It's a lull in the product cycle and we know it, but Apple's doing fine

It's a lull in the product cycle and we know it, but Apple's doing fine

Let’s see how Apple does once the next product cycle kicks in, and into 2014 when we may see products that none of us even know about yet.

The results of fiscal Q3 are in, and Apple stock is actually up almost 4% in after hours trading. All this really tells us, of course, is that Wall Street is reasonably happy with the news. The Street expected an overall worse combination of Q3 results and Q4 guidance. So what does it all mean?

First, we need to keep in mind that Apple is in an unusual period where it hasn’t launched any new significant products for a while. In particular, there have not been any significant new products since the iPad Mini launch in October 2012 and just prior to that, the iPhone 5 in September 2012. So Apple is now deep into a product lull and we all realize this is bound to change by the time the holidays roll around.

Now, let’s look at the key numbers for the quarter. Revenue was $35.3 billion, just a hair above Street estimates of $35.2 billion. Gross margin was 36.9%, towards the high end of guidance and pretty much spot on the 37% analyst estimates. Earnings per share (EPS) were $7.47 while Wall Street expected $7.34, so the quarter was a slight beat overall.

iPhone sales were up 20% year over year, and up a whopping 51% in the USA.

The highlight of the quarter was iPhone shipments. Analysts pegged Apple to ship 26 million iPhones this quarter and they ended up selling more than this at 31.2 million. That’s means iPhone sales were up 20% year over year, and up a whopping 51% in the USA versus the year ago quarter. That’s absolutely incredible.

In contrast to this, iPad shipments were quite a bit lighter than estimates. Analysts thought Apple would sell over 18 million iPads, but they sold only 14.6 million. Tim Cook explained this by reminding everyone that last year’s quarter saw the launch of the 3rd generation iPad and a corresponding inventory build. This year there was no new iPad, and inventory was depleted by distributors. When you factor in the inventory changes, Apple sold about 3% fewer iPads to end customers. That’s not bad for a company that didn’t ship a new model within the period, but considering how young the tablet market is I admit I’m a bit disappointed.

The media is focusing entirely on iPhone strength in the quarter. Why?

The media is focusing entirely on iPhone strength in the quarter. Why? Because if you look at the strength of Samsung on the back of the Galaxy S3 and Galaxy S4 products, the major concern on Wall Street was that Apple’s iPhone sales would suffer. So it’s nice to see that iPhone was in fact the only real source of positive surprise in the quarter.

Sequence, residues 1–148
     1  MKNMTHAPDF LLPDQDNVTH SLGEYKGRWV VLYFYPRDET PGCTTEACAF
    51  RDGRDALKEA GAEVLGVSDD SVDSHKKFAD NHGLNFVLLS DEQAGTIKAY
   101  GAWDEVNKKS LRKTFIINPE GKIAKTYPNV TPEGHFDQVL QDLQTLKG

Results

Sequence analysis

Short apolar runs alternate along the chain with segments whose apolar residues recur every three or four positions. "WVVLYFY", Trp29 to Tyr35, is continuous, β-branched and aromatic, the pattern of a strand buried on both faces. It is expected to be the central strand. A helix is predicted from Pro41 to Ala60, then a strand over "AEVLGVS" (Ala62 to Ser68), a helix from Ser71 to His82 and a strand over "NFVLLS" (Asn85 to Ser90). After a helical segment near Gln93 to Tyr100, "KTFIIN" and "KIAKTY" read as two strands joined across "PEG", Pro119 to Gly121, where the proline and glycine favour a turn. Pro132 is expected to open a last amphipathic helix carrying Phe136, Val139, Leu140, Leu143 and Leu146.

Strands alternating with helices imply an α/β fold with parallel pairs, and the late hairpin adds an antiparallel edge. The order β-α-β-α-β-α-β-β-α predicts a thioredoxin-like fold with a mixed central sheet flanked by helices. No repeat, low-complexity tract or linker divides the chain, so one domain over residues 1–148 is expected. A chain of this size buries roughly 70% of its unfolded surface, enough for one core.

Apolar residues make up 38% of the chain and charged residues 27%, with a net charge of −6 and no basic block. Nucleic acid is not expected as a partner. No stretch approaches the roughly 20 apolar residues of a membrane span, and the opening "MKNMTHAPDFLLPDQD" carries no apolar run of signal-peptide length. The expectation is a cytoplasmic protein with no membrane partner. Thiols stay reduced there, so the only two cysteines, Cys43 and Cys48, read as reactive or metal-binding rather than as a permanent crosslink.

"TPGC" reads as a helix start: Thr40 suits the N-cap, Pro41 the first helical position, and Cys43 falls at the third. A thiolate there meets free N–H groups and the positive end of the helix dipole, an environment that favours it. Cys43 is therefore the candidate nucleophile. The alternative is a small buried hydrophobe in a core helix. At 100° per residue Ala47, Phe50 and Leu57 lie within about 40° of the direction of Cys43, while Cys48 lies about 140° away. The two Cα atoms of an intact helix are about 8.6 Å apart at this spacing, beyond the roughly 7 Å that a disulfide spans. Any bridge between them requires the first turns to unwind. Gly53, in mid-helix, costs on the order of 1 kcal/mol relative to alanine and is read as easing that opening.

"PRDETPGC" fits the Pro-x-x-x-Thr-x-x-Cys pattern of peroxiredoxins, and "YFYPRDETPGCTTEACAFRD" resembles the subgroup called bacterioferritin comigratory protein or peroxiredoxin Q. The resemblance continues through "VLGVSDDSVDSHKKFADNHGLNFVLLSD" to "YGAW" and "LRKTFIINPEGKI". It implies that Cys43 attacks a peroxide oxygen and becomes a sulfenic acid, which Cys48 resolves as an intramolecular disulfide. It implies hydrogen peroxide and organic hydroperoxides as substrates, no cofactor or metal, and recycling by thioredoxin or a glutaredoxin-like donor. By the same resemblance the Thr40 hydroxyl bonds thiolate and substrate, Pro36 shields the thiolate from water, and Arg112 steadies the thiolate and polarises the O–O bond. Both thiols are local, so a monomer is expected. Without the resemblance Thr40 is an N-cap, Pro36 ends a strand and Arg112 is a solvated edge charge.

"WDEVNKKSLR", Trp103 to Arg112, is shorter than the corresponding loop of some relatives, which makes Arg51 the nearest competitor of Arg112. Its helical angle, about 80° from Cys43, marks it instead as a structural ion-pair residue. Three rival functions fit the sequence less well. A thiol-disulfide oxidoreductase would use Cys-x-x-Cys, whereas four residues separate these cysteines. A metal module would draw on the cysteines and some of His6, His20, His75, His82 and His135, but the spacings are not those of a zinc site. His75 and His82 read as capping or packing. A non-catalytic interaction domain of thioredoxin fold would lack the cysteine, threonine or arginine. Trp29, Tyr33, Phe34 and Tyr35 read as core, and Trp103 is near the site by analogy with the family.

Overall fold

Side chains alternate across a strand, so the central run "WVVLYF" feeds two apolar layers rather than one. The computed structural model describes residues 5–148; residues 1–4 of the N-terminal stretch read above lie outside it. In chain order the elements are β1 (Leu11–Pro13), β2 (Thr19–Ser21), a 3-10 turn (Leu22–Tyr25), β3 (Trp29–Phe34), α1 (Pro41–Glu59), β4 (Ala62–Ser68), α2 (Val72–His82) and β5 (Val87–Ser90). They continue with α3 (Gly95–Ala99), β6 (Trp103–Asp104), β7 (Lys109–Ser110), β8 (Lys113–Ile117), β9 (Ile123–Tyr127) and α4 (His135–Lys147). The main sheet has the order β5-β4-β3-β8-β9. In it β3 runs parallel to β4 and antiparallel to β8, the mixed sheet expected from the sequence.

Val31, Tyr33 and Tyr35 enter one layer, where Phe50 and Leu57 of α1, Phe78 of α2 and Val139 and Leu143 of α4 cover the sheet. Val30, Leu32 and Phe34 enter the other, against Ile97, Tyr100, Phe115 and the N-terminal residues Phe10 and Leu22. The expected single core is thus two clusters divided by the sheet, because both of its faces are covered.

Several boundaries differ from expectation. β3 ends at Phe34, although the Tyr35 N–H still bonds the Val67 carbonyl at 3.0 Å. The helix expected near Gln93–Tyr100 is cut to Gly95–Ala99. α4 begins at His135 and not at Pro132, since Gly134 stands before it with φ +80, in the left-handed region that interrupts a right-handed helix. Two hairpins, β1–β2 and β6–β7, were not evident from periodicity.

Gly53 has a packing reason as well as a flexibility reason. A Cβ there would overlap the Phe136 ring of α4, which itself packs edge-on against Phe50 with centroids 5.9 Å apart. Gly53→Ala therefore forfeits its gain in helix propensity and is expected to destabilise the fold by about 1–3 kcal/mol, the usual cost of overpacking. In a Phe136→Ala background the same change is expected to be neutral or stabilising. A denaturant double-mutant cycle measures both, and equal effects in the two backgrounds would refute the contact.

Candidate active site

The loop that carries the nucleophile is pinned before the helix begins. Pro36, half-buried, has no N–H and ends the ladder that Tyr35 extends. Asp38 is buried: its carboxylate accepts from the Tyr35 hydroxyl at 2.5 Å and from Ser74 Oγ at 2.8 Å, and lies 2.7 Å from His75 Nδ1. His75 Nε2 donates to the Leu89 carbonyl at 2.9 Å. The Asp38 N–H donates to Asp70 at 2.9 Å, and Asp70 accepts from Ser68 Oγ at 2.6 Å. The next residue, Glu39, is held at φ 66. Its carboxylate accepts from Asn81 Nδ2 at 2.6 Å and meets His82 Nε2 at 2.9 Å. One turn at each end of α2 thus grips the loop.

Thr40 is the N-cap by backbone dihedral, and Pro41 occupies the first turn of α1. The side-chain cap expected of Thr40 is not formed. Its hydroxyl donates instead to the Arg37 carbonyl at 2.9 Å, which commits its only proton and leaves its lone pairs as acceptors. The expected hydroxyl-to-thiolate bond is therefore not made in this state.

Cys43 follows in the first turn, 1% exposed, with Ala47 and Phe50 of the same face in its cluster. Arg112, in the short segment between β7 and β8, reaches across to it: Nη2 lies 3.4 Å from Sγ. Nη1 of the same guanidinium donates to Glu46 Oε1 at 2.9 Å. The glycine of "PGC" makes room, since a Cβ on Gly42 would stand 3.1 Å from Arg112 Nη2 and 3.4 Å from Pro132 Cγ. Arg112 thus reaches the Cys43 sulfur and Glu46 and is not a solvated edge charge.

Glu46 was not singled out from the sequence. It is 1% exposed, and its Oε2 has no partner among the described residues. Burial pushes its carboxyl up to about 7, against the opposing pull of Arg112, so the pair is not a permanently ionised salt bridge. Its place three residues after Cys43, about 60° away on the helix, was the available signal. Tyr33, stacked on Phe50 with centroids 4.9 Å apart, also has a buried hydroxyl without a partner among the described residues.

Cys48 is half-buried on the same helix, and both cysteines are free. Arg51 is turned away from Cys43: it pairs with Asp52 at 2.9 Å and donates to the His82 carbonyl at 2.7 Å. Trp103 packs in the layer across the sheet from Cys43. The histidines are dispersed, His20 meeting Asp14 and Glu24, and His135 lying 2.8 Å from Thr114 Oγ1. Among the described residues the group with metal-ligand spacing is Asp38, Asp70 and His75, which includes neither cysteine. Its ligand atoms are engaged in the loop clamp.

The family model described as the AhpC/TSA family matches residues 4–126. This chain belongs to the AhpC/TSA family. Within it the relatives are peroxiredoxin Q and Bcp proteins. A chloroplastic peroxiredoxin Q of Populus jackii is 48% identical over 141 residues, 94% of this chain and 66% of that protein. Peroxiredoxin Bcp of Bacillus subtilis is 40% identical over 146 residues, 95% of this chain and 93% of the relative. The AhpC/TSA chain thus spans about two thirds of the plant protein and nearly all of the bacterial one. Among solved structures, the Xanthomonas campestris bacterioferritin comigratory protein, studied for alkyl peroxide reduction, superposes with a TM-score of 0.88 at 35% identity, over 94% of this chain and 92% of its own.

What nobody is really talking about, and what I think is a good indication of how management thinks about Apple’s future, is OPEX (operating expenses). A company that sees itself facing a significant revenue decline will typically look to cut expenses. Apple is not doing this at all. This quarter they spent a combined total of $3.82 billion on R&D (research and development) and SG&A (selling, general, and administrative). This was the operating expense level Apple deemed appropriate during a quarter where sales were $35 billion. But look at the Christmas quarter just six months ago. Apple generated over $54 billion and operating expenses were pretty much the same at $3.85 billion. By the way, operating expenses have been steadily climbing for the last couple of years, which tells me Apple has been gearing up for continued growth. Sure, they could be wrong. Companies usually only cut spending after they realize they were wrong. But I don’t think we’ve seen the last of Apple innovation. Far from it.

Apple has trailing 12 month EPS (earnings per share) of over $40 now, and the stock price trades at $435 in the after market. So it’s priced at only 11x trailing earnings, and this ignores the huge amount of cash Apple carriers. This kind of valuation combined with incredible balance sheet strength and a dividend yield of 2.8% seems pretty attractive to me. It’s been painful to watch the stock slide down from $700, but I’m not terribly worried.

Let’s see how Apple does once the next product cycle kicks in, and into 2014 when we may see products that none of us even know about yet.

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Chris Umiastowski

Chris was a sell side financial analyst covering the tech sector for over 10 years. He left the industry to enjoy a change in lifestyle as an entrepreneur, consultant, and technology writer.

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Reader comments

It's a lull in the product cycle and we know it, but Apple's doing fine


Great story Chris. Keep up the good work.

Re: "Let’s see how they do once the next product cycle kicks in ..."

Agree. There's going to be another "big bang" of iPhone / iPad / Mac / iPod releases later this year. Not sure if that's the optimal year-round strategy, but at least the updates will be ready for sale in the holiday quarter.